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SGA presidential candidates clash in second debate of the week

In the second of two Student Government Association debates, presidential candidates met in the Student Center South Houston Room Wednesday from 7-9 p.m. and discussed issues they want to address on their platforms as well as their respective qualifications for the role. | Trevor Nolley/The Cougar

The three students running for president of the Student Government Association’s 56th Administration took the stage in the Student Center South’s Houston Room on Wednesday evening to discuss their respective qualifications and platforms in the 2019 Student Government Association Presidential Debate, co-sponsored by The Cougar and the Election Commission.

The 2019 elections feature three candidates, each with their running-mates. Current SGA Chief of Staff Allison Lawrence and her vice-presidential candidate Maysarah Kazia represent Students Unite; Current CLASS Sen. Moiz Syed and his vice-presidential candidate Nader Irsan represent Coogs Unite; and political science junior Claude Johnson and his vice-presidential candidate Natasha Ulow represent EVERY COOG.

The debate was moderated by Jasmine Davis, the editor-in-chief of The Cougar, and SGA Assistant Election Commissioner Gabe Aguilar. Moderators asked both general questions and candidate-specific questions, all of which were authored by The Cougar.

Audience members also tweeted in questions using #SGAszn2019 for the candidates for the final round of the debate, which was moderated by The Cougar’s web editor, Laura Contasti.

Prior experience

In an early round of candidate-specific questions, Lawrence was asked what results stemmed from her efforts as the current SGA chief-of-staff and what legislation she would like to write if elected to the next administration.

“If you go into any C-Store right now or in any market on campus, you will see the exact effects because all of the menstrual products offered are products that I picked with David Riddle, the director of Chartwells,” Lawrence said. “Originally, menstrual products were seen as a luxury item whereas condoms were seen as a necessary item, and I pointed out how this is ridiculous, and David Riddle agreed with me.”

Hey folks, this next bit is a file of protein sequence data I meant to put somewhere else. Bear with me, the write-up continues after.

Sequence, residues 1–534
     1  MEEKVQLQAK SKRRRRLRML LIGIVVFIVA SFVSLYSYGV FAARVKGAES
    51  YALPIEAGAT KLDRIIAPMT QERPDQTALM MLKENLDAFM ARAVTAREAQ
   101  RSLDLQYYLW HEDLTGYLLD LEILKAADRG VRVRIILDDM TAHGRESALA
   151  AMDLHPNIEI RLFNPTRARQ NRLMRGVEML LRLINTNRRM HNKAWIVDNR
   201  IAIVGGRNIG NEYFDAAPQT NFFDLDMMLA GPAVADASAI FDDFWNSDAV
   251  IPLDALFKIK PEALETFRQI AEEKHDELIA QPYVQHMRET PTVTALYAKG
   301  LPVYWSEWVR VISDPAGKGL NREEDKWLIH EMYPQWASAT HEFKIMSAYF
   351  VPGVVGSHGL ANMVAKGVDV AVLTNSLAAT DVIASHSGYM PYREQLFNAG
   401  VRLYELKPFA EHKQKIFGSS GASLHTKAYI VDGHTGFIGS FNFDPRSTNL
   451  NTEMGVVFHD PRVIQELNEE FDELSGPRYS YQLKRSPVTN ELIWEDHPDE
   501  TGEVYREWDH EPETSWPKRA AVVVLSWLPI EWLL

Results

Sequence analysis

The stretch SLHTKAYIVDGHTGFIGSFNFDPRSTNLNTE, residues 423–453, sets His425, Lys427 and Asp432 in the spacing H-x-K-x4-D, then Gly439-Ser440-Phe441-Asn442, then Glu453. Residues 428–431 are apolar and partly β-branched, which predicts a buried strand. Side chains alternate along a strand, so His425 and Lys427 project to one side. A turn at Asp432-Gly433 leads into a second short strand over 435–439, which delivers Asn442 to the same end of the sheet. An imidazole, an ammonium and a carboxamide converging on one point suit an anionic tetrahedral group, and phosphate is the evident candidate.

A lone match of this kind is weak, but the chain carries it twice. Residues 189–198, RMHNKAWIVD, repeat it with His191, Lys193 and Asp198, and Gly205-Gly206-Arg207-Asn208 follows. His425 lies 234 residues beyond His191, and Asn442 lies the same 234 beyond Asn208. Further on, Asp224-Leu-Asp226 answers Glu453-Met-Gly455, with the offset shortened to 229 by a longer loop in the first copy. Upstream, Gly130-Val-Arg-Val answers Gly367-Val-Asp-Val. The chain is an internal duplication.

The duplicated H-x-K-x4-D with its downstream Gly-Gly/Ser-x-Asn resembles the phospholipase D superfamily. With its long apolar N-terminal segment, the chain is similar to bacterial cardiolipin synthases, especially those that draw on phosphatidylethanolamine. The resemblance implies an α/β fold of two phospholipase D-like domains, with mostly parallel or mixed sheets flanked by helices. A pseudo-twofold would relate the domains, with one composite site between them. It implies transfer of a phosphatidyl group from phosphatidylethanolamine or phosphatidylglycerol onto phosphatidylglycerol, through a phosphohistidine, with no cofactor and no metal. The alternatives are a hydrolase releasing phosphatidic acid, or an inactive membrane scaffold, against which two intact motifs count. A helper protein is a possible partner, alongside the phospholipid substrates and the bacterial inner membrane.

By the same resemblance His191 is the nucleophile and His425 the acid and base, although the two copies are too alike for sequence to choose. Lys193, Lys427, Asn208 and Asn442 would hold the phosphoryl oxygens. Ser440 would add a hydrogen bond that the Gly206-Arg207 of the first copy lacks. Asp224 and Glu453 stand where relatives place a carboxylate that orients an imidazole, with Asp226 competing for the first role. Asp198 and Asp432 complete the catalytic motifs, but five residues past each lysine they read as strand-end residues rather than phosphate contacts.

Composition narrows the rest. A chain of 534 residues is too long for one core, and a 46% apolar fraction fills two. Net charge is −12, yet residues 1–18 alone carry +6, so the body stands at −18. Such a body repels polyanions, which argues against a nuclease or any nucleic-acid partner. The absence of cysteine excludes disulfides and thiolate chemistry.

Lawrence said if she were elected, she would bring results like this one to policies she wishes to implement next year, such as higher wages for student employees, third-party medical insurance acceptance at the UH Student Health Center and the Green Fund for on-campus sustainability.

“It’s important to put initiatives into legislation and policy because that way it gets the wheels turning, it shows that this is a public goal and that this is what students want,” Lawrence said.

In a candidate-specific question, Syed was asked what initiatives he had personally launched since taking office as a CLASS senator. Moderators also asked which of those successful initiatives benefited CLASS students.

“I played a pivotal part in the CLASS Career Fair. I had weekly meetings with Career Services, and in those meeting minutes, I continuously updated the students on the results of the CLASS Career Fair,” Syed said. “In the end, it’s about the students. Doing my job as the CLASS senator, I did my best to represent the CLASS students.”

In a rebuttal shortly following Syed’s response, Lawrence said Syed was more of a volunteer in the CLASS Career Fair process while the previous speaker of the SGA Senate, Andrew Trinh, did most of the event’s organizing.

“Andrew actually assisted with the Graduate Career Fair. I was more involved in the implementation of the CLASS Career Fair,” Syed said in response. “Now what I did specifically, I met with Career Services every single week, and we worked on specific ways to make the Career Fair more specialized.”

Davis provided a fact check following the rebuttals, clarifying that Trinh had confirmed that Syed joined the CLASS Career Fair later on in the process.